Since 1989, Stéphane Defraine has led the Château de Fontenille in Bordeaux’s Entre Deux Mers. Prior to turning his attention to Château de Fontenille, Defraine established and farmed vineyards for other Chateaus in the region. His viticultural knowledge of the area is significant.

The Château de Fontenille grows 52 hectares with 50 currently in production, the majority planted to red varieties – 35 hectares red, 15 white. Like much of the region, 90% of the wine produced is exported, in this case, primarily to the United States and Japan. His rosé of Cabernet Franc in particular is a stand out.

The Entre Deux Mers region of Bordeaux has a celebrated history for white wine. With an increased focus on red wines since the 1960s, however, whites of the region have mostly been regarded as good oyster wines meant to be enjoyed fresh and racy in their youth. Many current examples are perfect for that, but the history of the region was established in a greater range of styles.

The moderate temperatures and unique soils of the area support white wines with incredible aging potential. (We enjoyed a 1988 Bordeaux Blanc from the Entre Deux Mers on our trip, for example, that was still in beautiful shape with mouthwashing acidity.) At the center of the difference rests not only vinification choices but also clonal selection. As the attention for entry-level Bordeaux shifted to bulk wine production, interest in high production clonal types also increased. While Defraine grows a greater portion of red varieties currently, he has kept a steady focus on the farming quality of his whites and has helped to reestablish quality clones for white varieties.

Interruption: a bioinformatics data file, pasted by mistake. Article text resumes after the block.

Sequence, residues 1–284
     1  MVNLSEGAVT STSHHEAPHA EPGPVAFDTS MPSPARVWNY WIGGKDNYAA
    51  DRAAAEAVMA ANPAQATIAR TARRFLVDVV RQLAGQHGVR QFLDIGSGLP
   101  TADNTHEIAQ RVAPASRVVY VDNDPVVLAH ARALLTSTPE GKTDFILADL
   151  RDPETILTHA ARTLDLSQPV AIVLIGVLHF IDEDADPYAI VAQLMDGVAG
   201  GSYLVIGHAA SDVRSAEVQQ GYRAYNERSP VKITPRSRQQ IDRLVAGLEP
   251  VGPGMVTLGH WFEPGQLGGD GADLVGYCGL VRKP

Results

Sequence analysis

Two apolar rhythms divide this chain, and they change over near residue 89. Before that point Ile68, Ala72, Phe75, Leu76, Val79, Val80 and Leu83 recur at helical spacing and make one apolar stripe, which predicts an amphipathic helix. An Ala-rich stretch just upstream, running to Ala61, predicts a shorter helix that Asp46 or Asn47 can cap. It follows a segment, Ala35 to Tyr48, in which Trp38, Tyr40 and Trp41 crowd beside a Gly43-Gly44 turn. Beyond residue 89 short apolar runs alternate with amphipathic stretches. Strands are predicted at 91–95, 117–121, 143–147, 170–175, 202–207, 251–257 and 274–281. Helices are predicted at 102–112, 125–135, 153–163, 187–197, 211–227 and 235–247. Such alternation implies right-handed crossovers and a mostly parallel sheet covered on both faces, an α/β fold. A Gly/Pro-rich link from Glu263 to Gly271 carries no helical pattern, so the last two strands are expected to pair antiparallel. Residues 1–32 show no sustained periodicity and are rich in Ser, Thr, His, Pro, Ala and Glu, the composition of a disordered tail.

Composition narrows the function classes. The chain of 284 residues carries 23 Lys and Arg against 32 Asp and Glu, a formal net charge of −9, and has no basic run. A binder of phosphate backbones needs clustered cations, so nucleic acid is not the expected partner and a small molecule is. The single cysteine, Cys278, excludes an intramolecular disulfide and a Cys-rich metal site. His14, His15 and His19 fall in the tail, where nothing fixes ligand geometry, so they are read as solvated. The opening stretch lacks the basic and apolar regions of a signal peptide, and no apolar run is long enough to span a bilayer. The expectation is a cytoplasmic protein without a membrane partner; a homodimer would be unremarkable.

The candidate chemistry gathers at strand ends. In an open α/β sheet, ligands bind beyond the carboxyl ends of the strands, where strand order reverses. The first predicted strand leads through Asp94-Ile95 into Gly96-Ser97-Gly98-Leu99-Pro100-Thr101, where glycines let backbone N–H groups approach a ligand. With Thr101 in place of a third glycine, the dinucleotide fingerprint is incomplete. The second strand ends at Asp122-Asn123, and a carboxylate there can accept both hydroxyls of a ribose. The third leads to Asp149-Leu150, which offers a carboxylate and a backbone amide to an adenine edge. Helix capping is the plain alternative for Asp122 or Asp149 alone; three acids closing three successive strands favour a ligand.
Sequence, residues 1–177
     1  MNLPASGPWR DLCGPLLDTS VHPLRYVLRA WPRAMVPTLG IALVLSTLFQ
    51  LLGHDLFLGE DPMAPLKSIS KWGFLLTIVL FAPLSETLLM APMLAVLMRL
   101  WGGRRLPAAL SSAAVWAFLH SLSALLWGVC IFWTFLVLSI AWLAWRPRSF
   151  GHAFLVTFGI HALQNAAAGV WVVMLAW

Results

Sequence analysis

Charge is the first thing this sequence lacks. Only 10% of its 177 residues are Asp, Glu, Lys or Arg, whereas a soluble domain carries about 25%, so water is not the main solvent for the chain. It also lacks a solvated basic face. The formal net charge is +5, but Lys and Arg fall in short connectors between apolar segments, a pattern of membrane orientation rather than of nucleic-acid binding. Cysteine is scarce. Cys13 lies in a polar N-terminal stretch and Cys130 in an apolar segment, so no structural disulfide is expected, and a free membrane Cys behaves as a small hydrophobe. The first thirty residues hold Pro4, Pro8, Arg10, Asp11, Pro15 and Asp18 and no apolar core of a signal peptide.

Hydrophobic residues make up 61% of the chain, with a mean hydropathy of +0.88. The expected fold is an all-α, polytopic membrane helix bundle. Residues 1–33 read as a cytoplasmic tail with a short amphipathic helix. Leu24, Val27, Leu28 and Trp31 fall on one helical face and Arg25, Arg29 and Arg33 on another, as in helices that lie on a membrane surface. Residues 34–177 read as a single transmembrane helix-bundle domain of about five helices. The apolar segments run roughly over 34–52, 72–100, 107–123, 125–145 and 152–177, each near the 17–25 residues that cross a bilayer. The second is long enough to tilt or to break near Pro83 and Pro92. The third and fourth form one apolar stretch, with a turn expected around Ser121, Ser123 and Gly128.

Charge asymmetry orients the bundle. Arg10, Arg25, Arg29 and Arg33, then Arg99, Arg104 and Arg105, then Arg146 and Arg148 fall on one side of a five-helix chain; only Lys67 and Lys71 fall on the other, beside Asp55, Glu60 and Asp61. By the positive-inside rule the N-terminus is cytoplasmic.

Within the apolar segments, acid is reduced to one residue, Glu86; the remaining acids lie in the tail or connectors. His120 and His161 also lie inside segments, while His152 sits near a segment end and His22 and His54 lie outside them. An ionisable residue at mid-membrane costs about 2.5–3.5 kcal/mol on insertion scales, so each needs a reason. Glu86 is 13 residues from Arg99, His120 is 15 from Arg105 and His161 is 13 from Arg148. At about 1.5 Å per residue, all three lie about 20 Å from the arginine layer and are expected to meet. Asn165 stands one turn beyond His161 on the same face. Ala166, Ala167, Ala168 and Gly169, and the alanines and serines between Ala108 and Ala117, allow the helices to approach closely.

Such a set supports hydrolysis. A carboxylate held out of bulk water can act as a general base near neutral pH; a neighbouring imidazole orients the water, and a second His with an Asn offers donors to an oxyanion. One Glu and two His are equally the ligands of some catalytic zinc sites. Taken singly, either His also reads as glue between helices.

In late September, Adam Lechmere, Richard Hemming, Emma Roberts and I visited Defraine to taste his wines and learn more of his perspective on the region.

Following is some of what Defraine had to share with us beginning with his thoughts on the 2015 vintage and his approach to viticulture. He discusses his views of sustainable farming and the role of economic sustainability. Eventually he speaks about the changes in winemaking style in Bordeaux and his work with clonal selection as well.

Stéphane Defraine of Château de Fontenille

Stephane Defraine

“We don’t need to make a lot of intervention on the grapes because it is very good [weather this year]. It is a bit like 2000, ’89 too.

“What is very strange this year is July, it was very hot. We were not in hydric stress [in the vines] but I think 10 more days of hot weather [and it would have been a problem]… but we had a bit of rain in August. The plants restart then. June, it was not hot but it was very dry.